High-tech threat to fine defaulters
Carparks will be hunting grounds to track fine defaulters. File picture: The West Australian

Fine defaulters will be sought out using a high-tech camera and number plate recognition technology, the State Government announced today.

The mobile numberplate recognition camera will be either hand held or mounted on a vehicle to scour the streets to seek out "hard-core fine and infringement defaulters where they work and where they shop", says State Attorney General Michael Mischin.

Mr Mischin said the State Government had called a tender for a mobile licence plate recognition camera, which would be a tool in a range of measures to target the State’s worst fine defaulters, who owe more than $279 million to the WA community.

“Vehicles are most commonly clamped when they are parked at someone’s home, however this can be quite limiting as people take their cars to work or go out during the day,” he said.

“Also, the addresses for some hard-core fine and infringement defaulters are not always current, and sometimes those defaulters deliberately don’t park their vehicles on their own property to avoid being clamped.

“The sheriff will use the camera in busy areas during the working day, such as shopping centres, train stations and the main streets of country towns where the wheel clamping laws are in force.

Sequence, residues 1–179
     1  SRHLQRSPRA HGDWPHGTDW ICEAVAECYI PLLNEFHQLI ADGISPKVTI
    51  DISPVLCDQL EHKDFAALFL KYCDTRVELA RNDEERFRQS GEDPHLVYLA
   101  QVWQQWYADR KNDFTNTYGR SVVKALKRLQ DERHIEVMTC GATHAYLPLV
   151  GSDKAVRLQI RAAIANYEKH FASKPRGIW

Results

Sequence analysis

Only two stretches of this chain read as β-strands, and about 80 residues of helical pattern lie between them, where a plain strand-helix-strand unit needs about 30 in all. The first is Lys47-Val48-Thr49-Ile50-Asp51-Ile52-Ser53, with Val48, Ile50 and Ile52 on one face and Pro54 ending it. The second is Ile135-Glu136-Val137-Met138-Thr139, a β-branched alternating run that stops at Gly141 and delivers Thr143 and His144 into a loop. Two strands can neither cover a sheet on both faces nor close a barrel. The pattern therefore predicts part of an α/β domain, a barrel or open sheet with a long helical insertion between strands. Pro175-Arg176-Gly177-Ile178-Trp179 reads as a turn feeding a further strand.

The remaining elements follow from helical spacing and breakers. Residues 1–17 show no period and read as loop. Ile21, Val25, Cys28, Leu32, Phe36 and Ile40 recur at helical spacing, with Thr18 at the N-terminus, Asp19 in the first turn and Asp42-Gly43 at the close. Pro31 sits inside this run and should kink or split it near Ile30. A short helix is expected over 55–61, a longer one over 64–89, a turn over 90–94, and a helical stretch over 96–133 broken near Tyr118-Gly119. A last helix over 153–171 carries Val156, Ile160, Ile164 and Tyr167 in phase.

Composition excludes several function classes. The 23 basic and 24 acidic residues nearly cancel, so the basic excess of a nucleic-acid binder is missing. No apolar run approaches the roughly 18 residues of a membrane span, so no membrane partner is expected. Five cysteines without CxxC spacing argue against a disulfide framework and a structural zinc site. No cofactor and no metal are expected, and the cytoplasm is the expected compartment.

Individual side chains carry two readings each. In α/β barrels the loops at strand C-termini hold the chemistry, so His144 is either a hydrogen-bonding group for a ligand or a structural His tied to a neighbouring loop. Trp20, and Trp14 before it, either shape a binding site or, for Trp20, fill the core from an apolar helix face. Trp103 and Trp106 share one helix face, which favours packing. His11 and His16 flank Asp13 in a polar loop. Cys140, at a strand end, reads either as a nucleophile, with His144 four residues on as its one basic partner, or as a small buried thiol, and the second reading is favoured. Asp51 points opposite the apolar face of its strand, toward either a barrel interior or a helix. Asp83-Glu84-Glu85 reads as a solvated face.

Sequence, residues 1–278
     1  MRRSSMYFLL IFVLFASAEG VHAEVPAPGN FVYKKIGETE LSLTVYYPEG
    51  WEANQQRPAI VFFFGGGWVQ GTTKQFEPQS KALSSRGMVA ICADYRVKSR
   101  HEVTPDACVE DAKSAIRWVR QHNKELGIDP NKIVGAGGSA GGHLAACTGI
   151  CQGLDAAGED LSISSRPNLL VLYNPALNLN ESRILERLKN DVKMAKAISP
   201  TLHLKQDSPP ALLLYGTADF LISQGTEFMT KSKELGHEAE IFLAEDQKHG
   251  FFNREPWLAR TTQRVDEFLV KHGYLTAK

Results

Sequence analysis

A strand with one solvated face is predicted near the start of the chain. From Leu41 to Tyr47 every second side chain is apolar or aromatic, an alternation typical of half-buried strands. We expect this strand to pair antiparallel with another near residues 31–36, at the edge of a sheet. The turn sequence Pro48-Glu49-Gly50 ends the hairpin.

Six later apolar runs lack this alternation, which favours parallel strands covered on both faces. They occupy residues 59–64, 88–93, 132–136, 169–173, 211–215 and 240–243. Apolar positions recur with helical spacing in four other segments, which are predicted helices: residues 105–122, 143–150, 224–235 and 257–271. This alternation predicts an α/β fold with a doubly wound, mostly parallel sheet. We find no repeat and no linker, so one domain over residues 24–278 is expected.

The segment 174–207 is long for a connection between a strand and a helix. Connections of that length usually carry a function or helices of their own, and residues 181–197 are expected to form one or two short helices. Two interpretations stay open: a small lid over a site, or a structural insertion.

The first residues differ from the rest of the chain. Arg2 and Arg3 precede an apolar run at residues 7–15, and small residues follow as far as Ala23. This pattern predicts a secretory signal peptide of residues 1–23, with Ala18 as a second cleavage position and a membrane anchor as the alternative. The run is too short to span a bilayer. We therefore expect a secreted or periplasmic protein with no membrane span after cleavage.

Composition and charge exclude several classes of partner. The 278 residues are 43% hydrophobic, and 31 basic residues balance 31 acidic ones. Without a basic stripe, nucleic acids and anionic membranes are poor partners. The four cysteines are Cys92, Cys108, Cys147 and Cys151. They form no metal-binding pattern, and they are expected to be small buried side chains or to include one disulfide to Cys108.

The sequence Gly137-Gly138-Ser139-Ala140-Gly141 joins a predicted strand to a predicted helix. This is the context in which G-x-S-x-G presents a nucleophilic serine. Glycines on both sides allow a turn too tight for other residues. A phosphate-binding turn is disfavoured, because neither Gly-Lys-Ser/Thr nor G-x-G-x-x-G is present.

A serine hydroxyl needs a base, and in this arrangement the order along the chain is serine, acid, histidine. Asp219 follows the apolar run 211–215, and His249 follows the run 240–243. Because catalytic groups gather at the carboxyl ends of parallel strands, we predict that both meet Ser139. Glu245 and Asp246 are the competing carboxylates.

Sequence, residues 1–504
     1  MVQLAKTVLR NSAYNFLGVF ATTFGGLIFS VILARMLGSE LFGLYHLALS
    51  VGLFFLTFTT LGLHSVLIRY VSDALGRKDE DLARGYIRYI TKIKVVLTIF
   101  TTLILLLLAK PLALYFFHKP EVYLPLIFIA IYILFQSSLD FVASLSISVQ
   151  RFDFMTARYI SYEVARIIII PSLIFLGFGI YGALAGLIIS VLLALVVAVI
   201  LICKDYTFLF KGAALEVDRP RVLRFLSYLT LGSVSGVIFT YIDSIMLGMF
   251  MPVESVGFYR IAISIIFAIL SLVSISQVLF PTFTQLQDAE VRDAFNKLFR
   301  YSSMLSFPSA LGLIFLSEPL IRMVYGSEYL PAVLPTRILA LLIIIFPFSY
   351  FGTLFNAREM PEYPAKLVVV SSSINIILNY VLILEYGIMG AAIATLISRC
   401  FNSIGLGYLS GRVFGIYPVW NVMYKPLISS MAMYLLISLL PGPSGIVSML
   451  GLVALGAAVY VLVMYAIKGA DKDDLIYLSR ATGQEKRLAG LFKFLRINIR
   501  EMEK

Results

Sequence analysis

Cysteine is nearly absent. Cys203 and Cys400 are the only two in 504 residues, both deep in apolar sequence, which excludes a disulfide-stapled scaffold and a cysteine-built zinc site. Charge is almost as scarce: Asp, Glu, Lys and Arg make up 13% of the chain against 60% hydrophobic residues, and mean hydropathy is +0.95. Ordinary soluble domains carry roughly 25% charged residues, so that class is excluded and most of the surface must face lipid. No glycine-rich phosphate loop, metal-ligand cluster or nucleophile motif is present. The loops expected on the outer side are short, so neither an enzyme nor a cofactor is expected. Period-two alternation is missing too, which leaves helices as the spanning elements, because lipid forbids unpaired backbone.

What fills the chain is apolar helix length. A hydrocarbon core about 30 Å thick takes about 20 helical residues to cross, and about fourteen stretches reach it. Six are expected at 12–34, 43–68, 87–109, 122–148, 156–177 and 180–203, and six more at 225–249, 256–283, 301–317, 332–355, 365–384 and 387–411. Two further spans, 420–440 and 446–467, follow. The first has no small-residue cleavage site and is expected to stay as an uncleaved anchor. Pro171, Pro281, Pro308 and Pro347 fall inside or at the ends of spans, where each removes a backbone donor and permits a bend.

“From the sheer volume of cars scanned, we expect to catch fine and infringement defaulters who would otherwise avoid detection. This is about reclaiming millions of dollars which rightfully belongs to WA taxpayers, who have been footing the bill for this small group of hardcore fine dodgers for too long.”

In August last year, new laws came into force which allowed sheriff’s officers to wheel-clamp vehicles, seize licence plates and other property, and "name and shame" fine defaulters.

Since then, 421 wheel clamps have been applied and 362 licence plates have been removed.

The Government says more than $70.8 million has been recovered - a 12 per cent increase on the same period the previous year when $63.4 million was paid.

Last month, the State Government expanded the program to the Peel and South-West regions.

The Government has also launched an SMS trial in Ellenbrook and Albany, contacting fine and infringement defaulters via text message to warn them that they could face wheel clamping, licence plate removal or have property seized if they did not pay their debt.

The West Australian

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